Criticism is like the ugly stepchild in our Christian practice. It's there but it's treated like it should never be there. For some it's like the ultimate sin against 'unity.' Some use it when necessary but feel guilty all the while. Some use it manifestly way too much and probably it's because of these that we are in a constant state of reaction to it -- "Well we don't want to be like so and so." But when something is obviously wrong, doesn't it need to be exposed? When we see some tendency that could, if followed to an extreme, hurt the whole group, must we not say so?
Where do we strike a balance? I completely understand the necessity for limiting a critical attitude toward our brothers and sisters and even leaders (I refuse to say especially leaders -- lots of people want to give them an eternally free ride) as they branch out and try new stuff with God. It really is possible to poison the atmosphere for everyone by coming in determined to find fault everywhere. But I've been there where criticism was completely outlawed. Just apply the right labels. "You're being divisive." "You're being soulish." "Come under the covering of the leaders." The result is as ugly as any situation where criticism runs rampant. Making criticism totally verboten creates a situation where people are truly sheep. And they mill around not being aware of what is unhealthy right in front of them until the whole show collapses and everyone wonders what went wrong. That can't be good either.
Rather than outlawing criticism completely, are any rules of the game we can bring to bear on the process of criticism so that it can have a positive effect instead of the effect that we fear -- that is, a general loss of focus on our Lord and the establishing of his kingdom on the earth and subsequently, that horrifying but observable state of having grieved away the Holy Spirit? Is there a way of making it OK to question practices and motives without shooting either the questioned or the questioner? Is it possible to be realistic, practical, objective and still loving? I mean without sober second thought, we run the risk of losing our integrity to the larger group and especially the leaders. Oh yes, the leaders. When things are great, the leader has the heady feeling of riding high. When things are not, the great thing is to keep up appearances so as to avoid criticism. Is this hypercritical? I think not. Leaders are human and subject to every human failing. If we don't watch for this kind of thing, we do damage to our own integrity, the integrity of the church and we don't help the leaders any either.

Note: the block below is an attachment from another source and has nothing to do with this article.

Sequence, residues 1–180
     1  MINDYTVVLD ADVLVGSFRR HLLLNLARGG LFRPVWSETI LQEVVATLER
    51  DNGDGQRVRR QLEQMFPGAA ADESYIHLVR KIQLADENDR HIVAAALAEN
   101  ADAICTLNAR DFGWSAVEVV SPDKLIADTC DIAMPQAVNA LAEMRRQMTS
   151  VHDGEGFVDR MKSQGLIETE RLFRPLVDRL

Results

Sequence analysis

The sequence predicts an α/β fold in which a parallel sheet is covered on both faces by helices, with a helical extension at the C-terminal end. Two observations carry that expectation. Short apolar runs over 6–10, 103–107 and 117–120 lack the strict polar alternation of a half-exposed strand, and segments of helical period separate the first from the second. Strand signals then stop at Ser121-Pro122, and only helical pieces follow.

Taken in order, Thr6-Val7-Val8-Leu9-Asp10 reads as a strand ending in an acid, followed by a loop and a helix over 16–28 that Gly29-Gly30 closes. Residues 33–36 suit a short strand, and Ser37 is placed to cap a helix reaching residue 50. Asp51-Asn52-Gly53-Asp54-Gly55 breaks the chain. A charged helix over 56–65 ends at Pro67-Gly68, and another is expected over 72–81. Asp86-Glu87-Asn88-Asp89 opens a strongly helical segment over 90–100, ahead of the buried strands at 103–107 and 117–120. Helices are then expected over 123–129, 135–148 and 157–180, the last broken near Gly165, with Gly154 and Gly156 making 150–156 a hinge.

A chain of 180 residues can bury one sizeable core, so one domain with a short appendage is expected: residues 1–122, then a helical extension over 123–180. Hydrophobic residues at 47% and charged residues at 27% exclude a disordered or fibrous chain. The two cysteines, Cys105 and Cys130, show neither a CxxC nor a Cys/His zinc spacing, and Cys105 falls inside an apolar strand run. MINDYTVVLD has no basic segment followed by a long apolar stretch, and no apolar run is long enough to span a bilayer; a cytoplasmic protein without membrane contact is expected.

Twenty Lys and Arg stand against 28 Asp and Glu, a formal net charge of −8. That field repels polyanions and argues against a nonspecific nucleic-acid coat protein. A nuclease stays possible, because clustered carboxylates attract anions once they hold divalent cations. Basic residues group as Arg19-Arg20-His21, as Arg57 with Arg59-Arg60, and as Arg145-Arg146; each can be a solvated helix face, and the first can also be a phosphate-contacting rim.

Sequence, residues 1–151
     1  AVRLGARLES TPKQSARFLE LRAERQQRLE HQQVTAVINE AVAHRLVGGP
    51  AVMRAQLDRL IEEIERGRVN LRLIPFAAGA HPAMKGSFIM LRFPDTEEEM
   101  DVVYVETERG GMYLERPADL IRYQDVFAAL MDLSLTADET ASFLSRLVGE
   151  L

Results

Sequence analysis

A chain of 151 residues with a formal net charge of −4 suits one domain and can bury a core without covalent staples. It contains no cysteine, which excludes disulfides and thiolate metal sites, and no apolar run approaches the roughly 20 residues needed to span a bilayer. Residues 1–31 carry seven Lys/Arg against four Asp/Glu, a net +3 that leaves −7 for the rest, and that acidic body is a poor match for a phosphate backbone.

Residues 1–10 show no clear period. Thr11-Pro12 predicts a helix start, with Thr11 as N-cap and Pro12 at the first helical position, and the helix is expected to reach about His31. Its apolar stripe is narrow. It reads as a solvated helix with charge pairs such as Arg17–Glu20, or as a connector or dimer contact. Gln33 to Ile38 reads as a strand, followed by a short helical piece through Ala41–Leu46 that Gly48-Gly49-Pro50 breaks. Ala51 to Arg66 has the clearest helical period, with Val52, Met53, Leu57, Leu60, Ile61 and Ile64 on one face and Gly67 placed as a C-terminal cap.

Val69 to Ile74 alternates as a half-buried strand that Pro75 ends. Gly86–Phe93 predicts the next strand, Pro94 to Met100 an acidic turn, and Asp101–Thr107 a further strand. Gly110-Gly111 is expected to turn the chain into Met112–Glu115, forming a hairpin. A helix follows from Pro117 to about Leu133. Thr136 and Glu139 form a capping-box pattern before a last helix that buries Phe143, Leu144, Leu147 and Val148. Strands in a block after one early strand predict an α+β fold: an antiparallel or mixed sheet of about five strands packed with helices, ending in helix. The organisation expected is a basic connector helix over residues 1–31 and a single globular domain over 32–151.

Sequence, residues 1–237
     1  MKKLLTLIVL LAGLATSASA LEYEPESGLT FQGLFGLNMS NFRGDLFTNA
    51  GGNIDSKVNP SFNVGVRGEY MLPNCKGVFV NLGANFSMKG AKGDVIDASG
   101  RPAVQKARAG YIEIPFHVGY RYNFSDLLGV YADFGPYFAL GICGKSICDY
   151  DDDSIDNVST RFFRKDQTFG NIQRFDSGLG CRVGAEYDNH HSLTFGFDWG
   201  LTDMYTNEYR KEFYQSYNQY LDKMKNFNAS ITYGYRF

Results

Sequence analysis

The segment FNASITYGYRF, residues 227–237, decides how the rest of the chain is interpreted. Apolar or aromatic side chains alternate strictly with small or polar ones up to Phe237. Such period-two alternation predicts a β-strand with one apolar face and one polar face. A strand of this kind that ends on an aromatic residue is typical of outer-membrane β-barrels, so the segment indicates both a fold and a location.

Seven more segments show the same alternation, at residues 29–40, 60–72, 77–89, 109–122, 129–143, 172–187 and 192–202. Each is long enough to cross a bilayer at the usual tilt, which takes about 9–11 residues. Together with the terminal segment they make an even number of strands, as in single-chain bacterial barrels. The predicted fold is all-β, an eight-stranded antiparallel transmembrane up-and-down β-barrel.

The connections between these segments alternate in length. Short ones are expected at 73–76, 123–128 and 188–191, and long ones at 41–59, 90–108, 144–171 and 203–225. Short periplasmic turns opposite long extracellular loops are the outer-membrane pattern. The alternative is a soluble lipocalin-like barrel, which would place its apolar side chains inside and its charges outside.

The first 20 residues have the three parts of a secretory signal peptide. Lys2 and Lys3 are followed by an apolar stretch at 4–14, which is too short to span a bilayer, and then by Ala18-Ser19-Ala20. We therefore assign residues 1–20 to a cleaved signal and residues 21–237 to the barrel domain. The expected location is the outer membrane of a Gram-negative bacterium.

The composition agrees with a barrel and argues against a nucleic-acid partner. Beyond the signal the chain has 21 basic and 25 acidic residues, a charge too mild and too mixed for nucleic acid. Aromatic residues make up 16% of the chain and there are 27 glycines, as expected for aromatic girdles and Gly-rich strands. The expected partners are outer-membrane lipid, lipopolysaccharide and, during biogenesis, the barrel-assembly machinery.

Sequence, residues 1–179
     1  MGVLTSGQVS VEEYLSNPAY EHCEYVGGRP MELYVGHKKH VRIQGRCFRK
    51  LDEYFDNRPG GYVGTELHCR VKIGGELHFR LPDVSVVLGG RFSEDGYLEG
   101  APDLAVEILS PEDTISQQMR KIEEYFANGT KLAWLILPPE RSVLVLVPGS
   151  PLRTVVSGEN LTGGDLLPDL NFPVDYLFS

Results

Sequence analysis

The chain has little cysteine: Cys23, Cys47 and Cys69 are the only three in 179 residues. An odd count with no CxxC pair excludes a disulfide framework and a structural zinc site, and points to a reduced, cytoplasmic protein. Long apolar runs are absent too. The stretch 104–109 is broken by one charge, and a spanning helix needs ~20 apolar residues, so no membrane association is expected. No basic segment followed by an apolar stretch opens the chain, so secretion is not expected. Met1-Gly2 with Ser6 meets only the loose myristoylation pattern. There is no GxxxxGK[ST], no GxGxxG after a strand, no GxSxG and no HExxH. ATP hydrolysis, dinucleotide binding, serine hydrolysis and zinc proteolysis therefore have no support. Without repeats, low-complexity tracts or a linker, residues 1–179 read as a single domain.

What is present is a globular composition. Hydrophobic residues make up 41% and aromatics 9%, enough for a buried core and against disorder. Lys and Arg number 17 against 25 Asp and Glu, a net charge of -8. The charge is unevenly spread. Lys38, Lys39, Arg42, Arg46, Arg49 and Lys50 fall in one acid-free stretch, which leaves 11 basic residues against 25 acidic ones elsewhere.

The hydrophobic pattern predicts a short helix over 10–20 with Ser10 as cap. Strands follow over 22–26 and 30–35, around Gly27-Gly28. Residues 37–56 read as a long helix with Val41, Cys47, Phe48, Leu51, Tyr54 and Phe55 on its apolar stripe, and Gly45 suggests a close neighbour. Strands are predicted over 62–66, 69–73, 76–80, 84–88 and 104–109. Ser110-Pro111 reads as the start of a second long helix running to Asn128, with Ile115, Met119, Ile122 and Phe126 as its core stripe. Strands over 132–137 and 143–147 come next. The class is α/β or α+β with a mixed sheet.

I think the bottom line is to remove fear, if possible, from the equation. Fear has the effect of turning everything into an attack. If the honest critic fears that reprisals will come his way for saying what he believes needs to be said, he will naturally come defensively. The atmosphere of the communication starts to feel vaguely warlike. Similarly leaders, and lets face it, they receive most of the criticism because what happens is usually credited to or blamed on them, need to reduce the amount that they fear criticism because that fear will filter the most kindly meant and well presented counter-opinion and turn it into an attack. The warlike feeling becomes noticeably less vague. In place of fear, we need mutual love and trust, which do not happen by chance and are earned over long association, after truly getting to know each other.
Yes, there are bitter people who simply delight in finding fault. Like so many other situations they ruin it for the rest of us. Every freedom can be soured and unhealthy until it is removed. But let's be careful about throwing out the baby with the bathwater, as the old saying goes. I get a bit nervous when very well meaning people want to outlaw criticism, or a critical spirit, or whatever. I understand what it is they don't want, simplistically put, a negative atmosphere, and I don't want it either. But still I cherish the right and responsibility to speak out, to raise issues, or such like, hoping desperately that I do it in love, because the alternative, passive silence, is equally unacceptable.